Duke said she was called to only about about eight hearings a year during her tenure, which was a huge decrease from the early years of the agency.

Over time this approach has let DHS become less reactive to problems, she added.

“DHS doesn’t just take action based on the last hearing. But set the agenda, carry out the agenda and manage the hearings and manage committees en route to delivering the mission,” Duke said. “I think that is the path DHS has taken. In the early days, it was a little bit more reactive in terms of reacting to the last hearing or reacting to the last press story. But it’s really evolved to setting a strategic agenda. In that case, I think they are managing the congressional committees and working with them, but staying the path in delivering the mission.”

And that approach seems to be paying off.

Rafael Borras, the current undersecretary for management at DHS, said the impact of having so much congressional oversight on his office has been minimal in the nine months since he’s been confirmed.

“There has been a continuum of growth and development in the department,” Borras said in an interview with Federal News Radio. “Clearly the issues Janet Hale had to address in starting up the organization (are) very different from where I find myself today.”

DHS becoming one

Borras said DHS still needs to mature and grow but, maybe just as important, employees realize the changes that need to happen.

“At this particular stage and time, DHS recognizes they have to have more of an enterprise function,” Borras said. “I’ve talked to the previous undersecretaries who had to fight battles with some of the components over jurisdiction. I don’t find myself having those battles necessarily anymore.”

Borras said he’s in constant contact with committee members and their staffs about the progress DHS is making across his management priorities, which include financial management, acquisition management and oversight and the hiring and training of employees.

Borras said the one challenge that will continue as long as there are so many oversight committees is the confusion over policy direction.

Janet Hale, the first undersecretary for management at DHS and now a director with Deloitte Consulting, said many times the conflicting policy direction left the agency in limbo.

“Different committees have different instructions to the department too,” Hale said. “Somebody has an opinion, you should go right. And somebody else has an opinion, you should go left. And the department sits and goes ‘I’ll make the best decision we’ll defend the policy and program decisions.’ But then Congress doesn’t resolve the issue themselves. It has been a long-standing seven-year challenge.”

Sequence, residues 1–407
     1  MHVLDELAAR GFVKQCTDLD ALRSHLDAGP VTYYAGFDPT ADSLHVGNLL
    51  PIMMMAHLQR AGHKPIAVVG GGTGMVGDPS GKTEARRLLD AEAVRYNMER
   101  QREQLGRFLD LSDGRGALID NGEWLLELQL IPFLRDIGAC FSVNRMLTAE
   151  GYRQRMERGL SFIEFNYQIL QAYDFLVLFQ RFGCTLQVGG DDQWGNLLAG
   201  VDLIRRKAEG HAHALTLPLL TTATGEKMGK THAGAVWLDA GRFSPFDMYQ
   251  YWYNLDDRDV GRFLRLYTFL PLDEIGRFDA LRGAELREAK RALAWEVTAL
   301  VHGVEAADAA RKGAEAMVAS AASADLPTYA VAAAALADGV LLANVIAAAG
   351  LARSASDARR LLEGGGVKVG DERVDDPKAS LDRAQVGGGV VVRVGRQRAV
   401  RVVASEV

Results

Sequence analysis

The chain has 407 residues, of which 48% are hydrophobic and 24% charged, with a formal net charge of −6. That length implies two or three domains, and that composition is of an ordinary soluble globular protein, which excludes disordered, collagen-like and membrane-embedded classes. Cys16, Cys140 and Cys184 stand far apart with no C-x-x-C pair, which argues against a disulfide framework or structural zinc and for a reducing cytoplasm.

The conflicting policy direction also takes away from the agency’s ability to meet its mission, said Ralph Basham, the former commissioner of Customs and Border Protection.

“We are operators. The Department of Homeland Security is an operational department,” Basham said. “That is what we need to be doing. The less time we spend on the Hill and on reports and that sort of thing, the better we will be able to do the job at hand.”

Any chance to reduce oversight?

Current and former DHS officials agreed that decreasing the number of oversight bodies must happen. The question for many is when?

“The great advertisement it seems for me for Congress, itself, is look you’ve forfeited all the movement in this direction to the administration by splitting up the authority,” said Slade Gorton, a member of the 9/11 Commission. “They should be motivated by the fact if it were consolidated in 2 or 3 or 4 committees, the authority, the influence of Congress of what goes on would be greatly enhanced.”

But that argument may not be enough to sway lawmakers.

The House Homeland Security Committee chairman, King, said politics could prevent any reorganization.

“If we will have a Homeland Security Committee, it should be given real jurisdiction,” King said. “All I can say, and again it’s easy for me because I’m not in a leadership position and don’t have to make this decision, at any given time there is legislation that is important to pass. The speaker, no matter which party you are in, may feel that by antagonizing a powerful chairman of a particular committee may impede legislation. There’s only so many battles that can be fought at any one time.”

So in the meantime, King said he and other lawmakers meet regularly with DHS officials, including Secretary Janet Napolitano, to try to reduce the impact of so many oversight bodies.